MISSOULA — Montana’s craft breweries may soon be able to sell beer in tasting rooms on premises and still can and keg up to 60,000 barrels a year.
The Montana House of Representatives has approved amendments made by the Montana Senate to a bill, HB541, that would raise the so-called “brewery cap.”
The bill will now be sent to Gov. Steve Bullock, who must sign it before it becomes law. A spokesperson for Bullock said he will be reviewing the legislation. Bullock has a tap for craft beer at his house in Helena, and often posts pictures of Montana brewers delivering kegs to his front door on social media.
The previous limit for craft brewers was 10,000 barrels a year, a limit that was surpassed long ago by Big Sky Brewery and forced them to start giving away free samples in the tasting room.
Kettlehouse Brewing Co., which recently built a new facility in Bonner that will produce 20,000 barrels annually, is now able to have a tasting room on site. And Bayern Brewing Co., which is currently pushing right up against the limit, will be able to continue to sell beer in its popular tasting room.
“HB 541 is the most important legislation we’ve seen for Montana’s craft brewing industry in 18 years," said Matt Leow, executive director of the Montana Brewers Association. "The Legislature has signaled a green light for Montana breweries to grow, giving breweries the confidence to make investments to expand their production. That means more jobs, increased demand for Montana-grown barley and greater access to Montana craft beer."
The bill was sponsored by Rep. Adam Hertz, R-Missoula, and co-sponsored by Rep. Ellie Hill, D-Missoula, and Rep Greg Hertz, R-Polson.
The Senate amended the bill to limit breweries to selling no more than 2,000 barrels on premise. The Montana Tavern Association withdrew their opposition to the bill with the inclusion of the taproom limitations.
“Rep. Hertz brought a great bill that was turned on its head in the Senate Business and Labor committee,” Leow said. “We are pleased that the Senate restored the bill to 60,000 barrels. While we would prefer a clean bill without the new taproom limitations, the limits are set high enough that they will not impact what any breweries are currently doing.”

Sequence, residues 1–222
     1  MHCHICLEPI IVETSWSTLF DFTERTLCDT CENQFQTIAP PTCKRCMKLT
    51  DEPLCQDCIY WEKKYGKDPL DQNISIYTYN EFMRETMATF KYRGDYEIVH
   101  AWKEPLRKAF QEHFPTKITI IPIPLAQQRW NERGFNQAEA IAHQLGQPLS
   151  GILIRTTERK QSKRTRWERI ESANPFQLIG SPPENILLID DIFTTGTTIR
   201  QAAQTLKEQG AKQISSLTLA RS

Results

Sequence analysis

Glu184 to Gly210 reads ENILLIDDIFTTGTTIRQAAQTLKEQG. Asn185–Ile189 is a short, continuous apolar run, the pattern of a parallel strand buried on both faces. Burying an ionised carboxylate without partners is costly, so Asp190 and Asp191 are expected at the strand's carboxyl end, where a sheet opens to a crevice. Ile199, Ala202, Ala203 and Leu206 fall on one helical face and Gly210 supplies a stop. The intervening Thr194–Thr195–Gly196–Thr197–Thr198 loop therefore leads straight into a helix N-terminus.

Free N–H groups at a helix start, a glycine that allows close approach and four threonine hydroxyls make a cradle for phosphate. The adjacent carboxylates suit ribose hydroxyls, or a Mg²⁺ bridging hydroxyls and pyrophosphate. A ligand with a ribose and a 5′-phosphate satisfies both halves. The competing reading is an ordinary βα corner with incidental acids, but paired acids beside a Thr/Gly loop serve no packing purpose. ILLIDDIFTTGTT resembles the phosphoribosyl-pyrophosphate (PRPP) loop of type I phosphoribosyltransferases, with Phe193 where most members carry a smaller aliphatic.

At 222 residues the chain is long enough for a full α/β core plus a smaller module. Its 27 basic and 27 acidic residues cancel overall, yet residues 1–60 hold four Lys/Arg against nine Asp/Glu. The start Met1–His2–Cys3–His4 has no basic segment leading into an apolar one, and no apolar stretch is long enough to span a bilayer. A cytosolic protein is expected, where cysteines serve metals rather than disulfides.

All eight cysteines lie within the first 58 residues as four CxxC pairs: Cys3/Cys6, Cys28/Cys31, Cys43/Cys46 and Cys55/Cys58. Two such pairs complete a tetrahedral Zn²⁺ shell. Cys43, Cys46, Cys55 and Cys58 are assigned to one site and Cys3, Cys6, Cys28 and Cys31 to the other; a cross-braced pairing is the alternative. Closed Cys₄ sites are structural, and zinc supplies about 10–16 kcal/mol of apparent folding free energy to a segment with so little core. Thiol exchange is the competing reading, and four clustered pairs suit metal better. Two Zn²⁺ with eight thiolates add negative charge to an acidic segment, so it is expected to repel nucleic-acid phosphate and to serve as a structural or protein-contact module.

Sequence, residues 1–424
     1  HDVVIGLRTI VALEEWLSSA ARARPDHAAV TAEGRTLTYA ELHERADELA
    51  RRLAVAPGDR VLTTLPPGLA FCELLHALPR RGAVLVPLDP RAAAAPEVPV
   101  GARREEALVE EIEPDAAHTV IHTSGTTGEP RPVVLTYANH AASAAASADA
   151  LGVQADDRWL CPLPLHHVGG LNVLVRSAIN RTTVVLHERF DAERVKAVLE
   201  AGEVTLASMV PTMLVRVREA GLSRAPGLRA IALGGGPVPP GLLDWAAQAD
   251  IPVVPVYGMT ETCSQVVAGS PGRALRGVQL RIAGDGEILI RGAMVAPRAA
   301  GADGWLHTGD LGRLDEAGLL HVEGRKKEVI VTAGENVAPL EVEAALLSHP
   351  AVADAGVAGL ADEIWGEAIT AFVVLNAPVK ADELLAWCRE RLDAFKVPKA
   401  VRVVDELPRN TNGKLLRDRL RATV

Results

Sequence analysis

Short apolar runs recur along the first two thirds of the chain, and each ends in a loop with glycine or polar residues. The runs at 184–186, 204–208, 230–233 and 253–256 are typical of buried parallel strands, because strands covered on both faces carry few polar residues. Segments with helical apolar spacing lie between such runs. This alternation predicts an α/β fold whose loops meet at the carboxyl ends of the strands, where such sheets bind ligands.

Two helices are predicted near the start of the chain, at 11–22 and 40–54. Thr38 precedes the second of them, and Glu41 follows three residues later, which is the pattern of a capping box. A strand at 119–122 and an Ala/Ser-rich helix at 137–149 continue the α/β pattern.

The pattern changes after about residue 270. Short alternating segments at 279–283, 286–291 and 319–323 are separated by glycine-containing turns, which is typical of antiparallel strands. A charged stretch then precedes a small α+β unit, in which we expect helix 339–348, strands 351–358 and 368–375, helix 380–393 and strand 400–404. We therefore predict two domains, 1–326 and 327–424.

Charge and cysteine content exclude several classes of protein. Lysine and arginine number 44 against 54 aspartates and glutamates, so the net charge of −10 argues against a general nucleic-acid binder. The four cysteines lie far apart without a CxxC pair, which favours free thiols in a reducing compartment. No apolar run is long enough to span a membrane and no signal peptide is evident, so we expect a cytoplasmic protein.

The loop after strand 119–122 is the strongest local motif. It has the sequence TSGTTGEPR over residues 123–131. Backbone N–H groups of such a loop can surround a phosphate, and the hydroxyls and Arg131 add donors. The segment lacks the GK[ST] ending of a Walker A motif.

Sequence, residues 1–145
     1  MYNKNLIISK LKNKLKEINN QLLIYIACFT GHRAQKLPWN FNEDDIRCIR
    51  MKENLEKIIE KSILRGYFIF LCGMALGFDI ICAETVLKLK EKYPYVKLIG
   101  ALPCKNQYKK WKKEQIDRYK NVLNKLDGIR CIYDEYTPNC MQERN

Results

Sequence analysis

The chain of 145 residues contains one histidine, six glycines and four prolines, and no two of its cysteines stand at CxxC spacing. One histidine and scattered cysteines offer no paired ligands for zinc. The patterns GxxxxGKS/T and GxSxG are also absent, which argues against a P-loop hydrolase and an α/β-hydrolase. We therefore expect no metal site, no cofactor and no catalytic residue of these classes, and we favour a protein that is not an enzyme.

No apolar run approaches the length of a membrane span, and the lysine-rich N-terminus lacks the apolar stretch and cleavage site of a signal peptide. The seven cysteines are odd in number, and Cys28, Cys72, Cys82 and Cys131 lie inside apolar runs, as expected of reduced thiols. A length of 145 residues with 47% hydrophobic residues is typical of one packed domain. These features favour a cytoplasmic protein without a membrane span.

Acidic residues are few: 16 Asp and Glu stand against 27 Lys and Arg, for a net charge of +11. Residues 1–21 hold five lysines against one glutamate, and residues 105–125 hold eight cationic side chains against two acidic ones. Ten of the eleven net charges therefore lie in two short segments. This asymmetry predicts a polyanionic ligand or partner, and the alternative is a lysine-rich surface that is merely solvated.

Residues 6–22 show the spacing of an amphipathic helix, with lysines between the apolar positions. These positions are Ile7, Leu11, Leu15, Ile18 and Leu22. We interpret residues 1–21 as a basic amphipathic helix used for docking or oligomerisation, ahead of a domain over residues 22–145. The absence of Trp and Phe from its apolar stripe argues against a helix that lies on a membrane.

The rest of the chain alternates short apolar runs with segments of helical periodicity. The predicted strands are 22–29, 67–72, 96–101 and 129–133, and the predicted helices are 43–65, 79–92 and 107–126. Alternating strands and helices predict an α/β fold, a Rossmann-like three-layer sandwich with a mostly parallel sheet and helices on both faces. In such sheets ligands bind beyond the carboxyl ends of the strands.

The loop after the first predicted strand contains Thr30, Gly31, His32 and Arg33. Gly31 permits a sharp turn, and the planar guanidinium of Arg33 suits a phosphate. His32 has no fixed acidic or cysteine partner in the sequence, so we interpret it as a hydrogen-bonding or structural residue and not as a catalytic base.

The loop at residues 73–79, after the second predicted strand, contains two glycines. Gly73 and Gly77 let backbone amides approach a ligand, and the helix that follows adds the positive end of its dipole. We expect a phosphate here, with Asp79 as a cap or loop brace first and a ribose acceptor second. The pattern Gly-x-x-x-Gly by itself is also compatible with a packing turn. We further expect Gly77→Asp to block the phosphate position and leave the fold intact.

“With this change, I’m confident Montana will see millions in new capital investment and hundreds of new jobs,” Hertz wrote on his Facebook page.
Tim O’Leary, the owner of Kettlehouse Brewing, said that the bill makes it possible for him to have a taproom that sells beer at the shiny new facility in Bonner on the banks of the Blackfoot River, where Logjam Presents is building a new outdoor music ampitheater on Kettlehouse property.
"This provides us a great opportunity,'' O'Leary said. "I should say an unexpected opportunity.”
O’Leary said the main function of the new facility is to can and keg beer so it can be exported to multiple locations across the state, including Billings.
“Our new canning machine has improved the quality of the beer and lengthened the shelf-life and the brewhouse is much more efficient,” he said. “We are just excited about a new packaging facility, and to add on this opportunity is a nice push.”
O’Leary said having a taproom at the other two Kettlehouse locations has been a vital part of the business model, as it has for other breweries.
“We wouldn’t be even talking today if we didn’t have the ability to sell three pints between noon and 8 p.m. starting in 1999,” he said. “It really saved us as a business. It’s really probably the reason why 80 percent of brewers are still open. We wouldn’t be here without it. We are grateful to our industry partners for the compromises in 1999 and today.”
O’Leary said the new law will allow breweries to expand and hire more workers.
“It’s a good thing for Missoula County because the three largest breweries in the state are all located here,” he said. “It’s a testament to the community and support for local products.”
Neal Leathers, one of three co-founders of Big Sky Brewing, said if Bullock signs the bill, the brewery's taproom will start selling beer once the law takes effect in October.
"We will be able to sell beer for on-premise consumption," he said. "So there will be one more summer of everything being give-away, but that's not really good for anyone, except if you are looking for free beer. It definitely will change come October."
Leathers estimates that the brewery has given away $4 million worth of beer over the last 10 years, based on what they could have sold it for.
"This new law will be especially good for Missoula," he said. "Kettlehouse will be able to open a taproom at its new location and Bayern will be able to keep selling beer on premise."
He said that even very successful taprooms in the state sell about 1,200 barrels a year, so the new limit for taproom consumption would only affect a brewery if it had two very successful taprooms.
"This is good news," he said.